In recent years executive MBA degrees for working managers have considerably increased in number. The rise in EMBA popularity is largely due to the growing number of highly experienced managers seeking MBA programs that permit them to juggle personal life, studies and full-time employment.
Over the last four years the executive MBA route has been performing better than any other MBA delivery method. According to the “Application Trends Survey”, conducted by the Graduate Management Admissions Council? (GMAC?, 2005), “...the trend in application volume for executive programs has been at a relatively stable level of increase since the first measurement of executive programmes in 2001”. The full-time MBA market, on the contrary, is declining worldwide.
In spite of an impressive growth of EMBA applications, the Executive MBA still occupies a small part of the overall MBA market. The part-time MBA delivery method dominates the MBA landscape. Part-time programs reported an increase in applications in 2005, more than in either of the previous two years. Overall, 46 percent of part-time programmes reported increased application volume in 2005 compared with 27 percent in 2004, and 33 percent in 2003 (GMAC?, 2005). At the same time, it is worth remembering that an important niche of the MBA market belongs to the traditional two-year, full-time MBA. It continues to exercise a decisive influence on the mainstream media even though this delivery method has experienced a dramatic decline in applicants. It is not surprising then that in the U.S. two-thirds of students enrolled in U.S. MBA programmes are in part-time or executive programmes.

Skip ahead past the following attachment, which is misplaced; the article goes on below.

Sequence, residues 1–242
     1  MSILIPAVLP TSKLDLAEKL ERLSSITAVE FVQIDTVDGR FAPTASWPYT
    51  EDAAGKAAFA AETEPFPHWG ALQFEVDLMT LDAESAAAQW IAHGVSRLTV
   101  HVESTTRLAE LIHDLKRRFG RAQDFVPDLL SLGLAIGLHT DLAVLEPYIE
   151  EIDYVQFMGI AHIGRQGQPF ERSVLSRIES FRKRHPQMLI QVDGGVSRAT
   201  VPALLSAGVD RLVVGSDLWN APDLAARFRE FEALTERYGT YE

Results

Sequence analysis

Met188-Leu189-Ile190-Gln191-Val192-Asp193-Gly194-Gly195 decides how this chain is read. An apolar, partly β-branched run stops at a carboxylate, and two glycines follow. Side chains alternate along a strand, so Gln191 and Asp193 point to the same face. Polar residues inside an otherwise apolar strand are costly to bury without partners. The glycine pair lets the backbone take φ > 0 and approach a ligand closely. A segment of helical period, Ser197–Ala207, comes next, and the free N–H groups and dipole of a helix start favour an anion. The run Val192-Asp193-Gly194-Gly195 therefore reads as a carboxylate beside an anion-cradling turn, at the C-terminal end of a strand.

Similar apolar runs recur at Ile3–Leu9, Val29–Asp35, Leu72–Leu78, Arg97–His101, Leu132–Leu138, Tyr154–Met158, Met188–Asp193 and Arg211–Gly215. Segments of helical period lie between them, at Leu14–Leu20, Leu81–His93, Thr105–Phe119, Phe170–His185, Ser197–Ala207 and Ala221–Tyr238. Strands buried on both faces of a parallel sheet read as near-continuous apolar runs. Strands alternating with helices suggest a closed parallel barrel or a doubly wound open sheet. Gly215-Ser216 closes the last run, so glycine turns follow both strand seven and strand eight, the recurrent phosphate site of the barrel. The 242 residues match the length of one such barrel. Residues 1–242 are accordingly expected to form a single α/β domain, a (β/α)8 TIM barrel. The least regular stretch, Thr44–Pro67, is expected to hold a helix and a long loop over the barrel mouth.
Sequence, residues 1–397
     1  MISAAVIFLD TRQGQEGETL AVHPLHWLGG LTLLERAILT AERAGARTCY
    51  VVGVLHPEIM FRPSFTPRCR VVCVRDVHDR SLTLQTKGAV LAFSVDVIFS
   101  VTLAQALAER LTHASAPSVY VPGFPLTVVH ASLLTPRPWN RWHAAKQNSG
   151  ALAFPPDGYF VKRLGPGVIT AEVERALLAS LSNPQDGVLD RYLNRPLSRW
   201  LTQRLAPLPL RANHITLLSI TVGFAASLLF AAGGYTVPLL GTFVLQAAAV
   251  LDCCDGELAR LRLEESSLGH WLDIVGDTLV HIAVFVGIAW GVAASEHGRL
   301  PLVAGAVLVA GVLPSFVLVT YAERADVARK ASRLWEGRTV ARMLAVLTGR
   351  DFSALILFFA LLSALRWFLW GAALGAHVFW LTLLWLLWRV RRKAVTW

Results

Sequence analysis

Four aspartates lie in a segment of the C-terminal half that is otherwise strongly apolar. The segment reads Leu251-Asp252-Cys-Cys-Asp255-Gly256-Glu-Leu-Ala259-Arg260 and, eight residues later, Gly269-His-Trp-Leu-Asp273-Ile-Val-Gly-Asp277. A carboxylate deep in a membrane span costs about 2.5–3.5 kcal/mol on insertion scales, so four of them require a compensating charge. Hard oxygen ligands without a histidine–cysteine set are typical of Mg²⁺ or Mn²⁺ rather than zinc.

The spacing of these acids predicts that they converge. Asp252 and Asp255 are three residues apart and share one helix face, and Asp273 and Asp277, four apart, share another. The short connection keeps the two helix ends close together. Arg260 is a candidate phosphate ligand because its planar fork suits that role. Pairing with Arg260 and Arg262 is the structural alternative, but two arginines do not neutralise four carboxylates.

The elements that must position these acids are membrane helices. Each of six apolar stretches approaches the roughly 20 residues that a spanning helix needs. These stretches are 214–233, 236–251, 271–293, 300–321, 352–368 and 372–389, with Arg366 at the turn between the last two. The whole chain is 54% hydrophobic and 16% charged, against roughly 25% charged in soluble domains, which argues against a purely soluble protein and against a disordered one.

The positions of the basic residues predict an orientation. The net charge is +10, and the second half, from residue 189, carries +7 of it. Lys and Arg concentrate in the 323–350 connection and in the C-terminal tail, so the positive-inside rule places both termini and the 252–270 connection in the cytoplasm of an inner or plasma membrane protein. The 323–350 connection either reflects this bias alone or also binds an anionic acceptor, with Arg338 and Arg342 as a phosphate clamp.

In the Access MBA Executive Guide informs you about those MBA programmes that allow managing the demanding aspects of an MBA students’ life, such as studies and career. You will find a detailed analysis of the difference between part-time (modular), distance learning and executive MBA degrees, which will allow you to make the best decision.
The EMBA was first introduced by the Chicago Graduate School of Business in 1943. Since then, the executive MBA market has rapidly expanded. At the present moment, as the Economist Intelligence Unit reports, “...more than 210 universities and colleges in the US, Canada, Europe, South America, Asia, the South Pacific and Africa offer EMBAs”. (G. Bickerstaffe, “Which MBA?” Economist Intelligence Report, 2005, p. 51). The Executive MBA programmes have separate rankings. Seven new schools have entered the Financial Times ranking of top global EMBA programmes this year, four from Europe, two from the US and one from Asia.